PNS TOF depolarizing blockade ht of all 4 twitches ↓ by similar amt - only have a fade with OD
TOF ratio amplitude of 4th response / amplitude of 1st response
PNS TOF non-depolarizing blockade ht of 4th twitch ↓ than 1st twitch bc AChis depleted by successive stimulations
TOF > 0.7 1.complete return to control ht of a single twitch response 2. evidence of pts ability to sustain adequate ventilation - BUT pharyngeal musculature may still be weak and uppoer airway obstruction remains a risk.
% blocked w/ 4/4 twitches 60%
% blocked w/ 3/4 twitches 75%
% blocked w/ 2/4 twitches 80%
% blocked w/ 1/4 twitches 90%
ETT NMB suitable when all responses disappear ~ 0/0 twitches
TOF % for safe extubation > 90
TOF Double Burst Suppression ~2 bursts, 750 ms apart ~each burst has 3 (200 microsec) bursts separated by 20-msec intervals (50 Hz) ~ easier to feel the fade
TOF Tetanus tetanic (continuous) electrical stimulation for 5 sec (50 Hz) ~ intense stimulus for ACh release at NMJ
TOF Post Tetanic Facilitation ~d/t ↑ ACh at NMJ after tetany, subsequent twitches are transiently enhanced ~ post-tetanic twitcch indicates ACh is starting to work again ~time until 1st response to TOF is related to # of post-tetanic twitches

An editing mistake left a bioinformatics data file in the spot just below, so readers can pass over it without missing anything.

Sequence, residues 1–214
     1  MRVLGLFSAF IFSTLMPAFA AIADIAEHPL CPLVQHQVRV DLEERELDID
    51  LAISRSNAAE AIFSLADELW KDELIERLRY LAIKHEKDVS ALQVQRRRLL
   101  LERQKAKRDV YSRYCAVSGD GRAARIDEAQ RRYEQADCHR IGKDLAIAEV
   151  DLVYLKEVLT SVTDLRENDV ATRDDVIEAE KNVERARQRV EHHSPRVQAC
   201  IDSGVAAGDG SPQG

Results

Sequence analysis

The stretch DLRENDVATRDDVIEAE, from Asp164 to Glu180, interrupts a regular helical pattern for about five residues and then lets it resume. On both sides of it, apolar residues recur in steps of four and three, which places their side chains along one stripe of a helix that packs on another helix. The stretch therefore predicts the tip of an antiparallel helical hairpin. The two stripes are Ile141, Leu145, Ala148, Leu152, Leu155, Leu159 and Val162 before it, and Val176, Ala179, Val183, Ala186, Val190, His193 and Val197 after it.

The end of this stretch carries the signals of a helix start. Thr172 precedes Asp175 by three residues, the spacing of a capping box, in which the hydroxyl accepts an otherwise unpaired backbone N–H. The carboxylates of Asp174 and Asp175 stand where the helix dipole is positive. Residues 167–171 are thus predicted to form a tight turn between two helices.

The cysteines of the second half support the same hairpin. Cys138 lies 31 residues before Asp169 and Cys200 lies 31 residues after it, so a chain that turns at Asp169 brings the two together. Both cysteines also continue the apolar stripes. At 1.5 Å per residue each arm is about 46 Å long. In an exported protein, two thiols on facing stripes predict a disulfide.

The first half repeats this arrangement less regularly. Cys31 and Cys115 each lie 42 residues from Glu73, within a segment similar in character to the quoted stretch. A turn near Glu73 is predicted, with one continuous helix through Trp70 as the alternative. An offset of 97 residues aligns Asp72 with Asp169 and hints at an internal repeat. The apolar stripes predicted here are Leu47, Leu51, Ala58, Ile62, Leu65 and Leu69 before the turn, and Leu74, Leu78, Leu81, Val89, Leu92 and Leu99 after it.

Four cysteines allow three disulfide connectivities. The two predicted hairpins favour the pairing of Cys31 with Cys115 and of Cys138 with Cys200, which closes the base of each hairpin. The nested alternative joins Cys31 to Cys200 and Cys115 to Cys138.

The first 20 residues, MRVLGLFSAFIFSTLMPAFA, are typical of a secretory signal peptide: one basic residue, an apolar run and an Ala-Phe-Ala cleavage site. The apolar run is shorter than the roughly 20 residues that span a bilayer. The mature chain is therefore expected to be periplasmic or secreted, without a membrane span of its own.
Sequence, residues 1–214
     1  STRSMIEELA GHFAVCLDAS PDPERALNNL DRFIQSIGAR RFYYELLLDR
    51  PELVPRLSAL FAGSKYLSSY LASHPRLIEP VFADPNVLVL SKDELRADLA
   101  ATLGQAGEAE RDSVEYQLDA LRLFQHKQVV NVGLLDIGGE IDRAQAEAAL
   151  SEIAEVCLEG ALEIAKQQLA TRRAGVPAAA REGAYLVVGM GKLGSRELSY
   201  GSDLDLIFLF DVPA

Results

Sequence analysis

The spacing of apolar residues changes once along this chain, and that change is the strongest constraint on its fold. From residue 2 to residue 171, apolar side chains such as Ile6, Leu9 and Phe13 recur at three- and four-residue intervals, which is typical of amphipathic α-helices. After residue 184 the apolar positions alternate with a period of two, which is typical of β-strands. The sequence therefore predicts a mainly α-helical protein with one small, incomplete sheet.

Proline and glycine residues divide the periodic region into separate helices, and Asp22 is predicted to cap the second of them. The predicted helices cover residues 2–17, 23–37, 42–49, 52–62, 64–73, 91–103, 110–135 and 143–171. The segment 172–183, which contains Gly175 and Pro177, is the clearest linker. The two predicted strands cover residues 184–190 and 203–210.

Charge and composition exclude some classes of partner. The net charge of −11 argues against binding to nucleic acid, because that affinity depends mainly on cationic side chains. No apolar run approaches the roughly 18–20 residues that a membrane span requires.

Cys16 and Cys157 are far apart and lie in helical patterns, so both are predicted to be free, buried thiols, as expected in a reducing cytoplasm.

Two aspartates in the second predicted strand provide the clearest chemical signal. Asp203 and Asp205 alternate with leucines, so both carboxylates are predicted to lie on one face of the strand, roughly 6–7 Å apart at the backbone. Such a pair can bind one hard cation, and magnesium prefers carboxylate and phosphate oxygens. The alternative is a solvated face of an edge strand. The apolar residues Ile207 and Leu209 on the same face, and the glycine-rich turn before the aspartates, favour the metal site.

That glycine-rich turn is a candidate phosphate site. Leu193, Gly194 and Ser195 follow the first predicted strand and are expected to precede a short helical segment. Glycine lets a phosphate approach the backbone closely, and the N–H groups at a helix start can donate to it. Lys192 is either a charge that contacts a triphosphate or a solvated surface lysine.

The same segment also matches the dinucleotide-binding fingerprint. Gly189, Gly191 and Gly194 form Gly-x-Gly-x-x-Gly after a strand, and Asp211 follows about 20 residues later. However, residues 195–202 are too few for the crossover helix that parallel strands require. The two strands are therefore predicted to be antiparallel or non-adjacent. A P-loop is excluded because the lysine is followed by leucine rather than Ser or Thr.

Best mode to document 100% paralysis when NO response to Single Twitch, or TOF ~ tetanic stimulus followed by a single twitch stimulus at 1 Hz starting 3 sec post tetanic
what muscle is innervated by the ulnar nerve? adductor pollicis ~ causes adduction of thumb and finger flexion
where does the negative lead go for ulnar nerve PNS negative (black) lead - 1 cm proximal to the pt at which the proximal flexion crease of wrist crosses the radial side of tendon to the flexor carpi ulnaris muscle
where does the positive lead go for PNS of the ulnar nerve positive (red) lead - 2-5 cm proximal to negative electrode
what muscle is innervated by the facial nerve? (temporal branch) obicularis oculi ~ causes movement of eyelid ~ most corollation w/ diaphragm muscle
where does the negative lead go for facial nerve PNS negative (black) lead - at tragus or posterior to orbit (over nerve)
where does the positive lead go for facial nerve PNS positive (red) lead - somewhere else on forehead
what muscle is innervated by the posterior tibial nerve? flexor digitorum longus ~ causes plantar flexion of big toe
where do leads go for posterior tibial nerve PNS inner malleolus and heel
what muscle is innervated by the external popliteal or peroneal (fibular) nerve? tibialis anterior muscle ~ causes dorsiflexion of foot ~ unlikely to ever be used
where do leads go for external popliteal or peroneal (fibular) nerve? behind the head of the fibula at inner side of tendon of biceps